Knowledge, Truth, and Meaning
An excerpt from the online hypertext Human
Knowledge: Foundations and Limits.
is justified true
belief. Belief in a proposition p is justified if 1) it is developed
though a process that reliably yields truth, 2) it is appropriately
caused by the fact that p is true, and 3) it would generally not be
held if p were false. The reliability criterion entails that
synthetic (i.e. inductive) knowledge is always provisional. The causal
and counterfactual criteria entail that whether a true belief counts as
knowledge depends on inherently imprecise judgments concerning whether
the believer is accidentally right. Operationally, a belief is
justified if and only if it is convincing and defensible.
is logical and parsimonious consistency with evidence
and with other truth. Evidence is
and all perceived circumstances.
The Principle of Parsimony (or Occam's
Razor) is that the simpler of two explanations is to be preferred
they are otherwise equivalent.
Humans have proposed several criteria for truth.
The Correspondence Theory begs
the question by assuming that reality can be known directly and
Depending on the meaning of 'complete', the Coherence Theory either
to the Correspondence Theory, or it makes truth a purely social (or
construct. The Pragmatic Theory either underdetermines the truth
of certain propositions, or it reduces to a variant of the social
of the Coherence Theory. The proper notion of truth is coherence
grounded in correspondence.
The Correspondence Theory of Truth is that the terms of true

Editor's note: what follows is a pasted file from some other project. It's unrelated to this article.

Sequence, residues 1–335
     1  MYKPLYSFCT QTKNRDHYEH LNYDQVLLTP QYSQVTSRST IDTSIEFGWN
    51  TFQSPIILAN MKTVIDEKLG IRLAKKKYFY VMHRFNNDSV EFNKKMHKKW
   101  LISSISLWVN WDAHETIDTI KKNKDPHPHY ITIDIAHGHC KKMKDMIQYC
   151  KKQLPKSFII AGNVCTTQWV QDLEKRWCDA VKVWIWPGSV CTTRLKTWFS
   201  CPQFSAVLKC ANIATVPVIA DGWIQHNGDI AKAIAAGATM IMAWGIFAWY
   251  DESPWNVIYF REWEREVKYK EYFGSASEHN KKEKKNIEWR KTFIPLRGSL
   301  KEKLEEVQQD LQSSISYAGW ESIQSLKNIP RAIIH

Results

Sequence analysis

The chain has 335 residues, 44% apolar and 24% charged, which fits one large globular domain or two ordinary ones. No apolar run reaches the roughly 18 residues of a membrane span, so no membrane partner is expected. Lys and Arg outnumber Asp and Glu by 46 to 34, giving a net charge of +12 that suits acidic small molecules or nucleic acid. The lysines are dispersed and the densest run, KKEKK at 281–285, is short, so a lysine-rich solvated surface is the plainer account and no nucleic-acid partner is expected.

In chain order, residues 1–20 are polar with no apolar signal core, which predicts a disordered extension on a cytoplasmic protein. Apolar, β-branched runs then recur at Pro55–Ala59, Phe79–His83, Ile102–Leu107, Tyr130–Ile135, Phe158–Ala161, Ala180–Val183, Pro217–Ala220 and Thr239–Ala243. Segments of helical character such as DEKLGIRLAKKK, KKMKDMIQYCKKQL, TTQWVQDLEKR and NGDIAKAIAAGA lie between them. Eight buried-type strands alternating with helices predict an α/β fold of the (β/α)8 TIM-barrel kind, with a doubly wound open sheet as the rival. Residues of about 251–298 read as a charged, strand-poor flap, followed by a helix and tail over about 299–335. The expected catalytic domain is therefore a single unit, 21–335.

map to elements of reality in a way that validates the proposition.
The Coherence Theory of Truth is that true propositions are
in the system of mutually coherent propositions that is more complete
any rival system.
The Pragmatic Theory of Truth is that true propositions are
that are most useful to believe and that are thus "fated to be
agreed to by all who investigate".
Origins of Knowledge
can classified according to the
dependence of their truth value
on their terms:
Provisionality. All synthetic propositions (including this one) can
only be known from experience and are subject to doubt. It is logically
possible that all experience is deceptive and that the world is
The only absolutely certain truths are true analytic propositions and
synthetic proposition that something exists.
Analytic propositions are
whose truth value can be deduced from only the definitions of their
whose truth value cannot be deduced from only the definitions of their
Cogito Ergo Sum. Descartes
argued "I think, therefore I am". However, "I" could be illusory, and
fact of my thinking only warrants the certainty that something exists:
cogito ergo est.
The denotation (or extension)
of a term
is the set of entities
it refers to. The connotation
of a term
is the properties and concept(s) associated
of a term
is the context-sensitive connotation
ultimately established by its relevant denotation
holds that a statement is propositionally meaningless (i.e. states no
if it is neither logically decidable nor empirically verifiable. Positivism
is a stricter form of Empiricism
Theories of Meaning
Humans have proposed three sorts of explanation for meaning:
The Referential Theory is confounded
by terms that have the same referent but different meaning, such as
star' and 'evening star'. The Conceptual Theory reduces to
circularity for many concepts that can only be described by the word(s)
to which they help give meaning. The Behavioral Theory is undermined by
behaviors and dispositions that underspecify the meanings they are
The Referential Theory of Meaning is that the meaning of a term
is the things in the world it refers to.
The Conceptual Theory of Meaning is that the meaning of a term
the properties and concepts associated with it.
The Behavioral Theory of Meaning is that the meaning of a term
of the behaviors and dispositions associated with it.
Theories of Knowledge
Humans fall into two camps depending on whether they believe synthetic
a priori knowledge is possible:
Rationalism incorrectly assumes
that existence arranges for reason to discover the nature of reality
Rationalism is the thesis that
propositions can be known from reason alone and independent of any
Empiricism is the thesis that all
propositions can only be known from experience.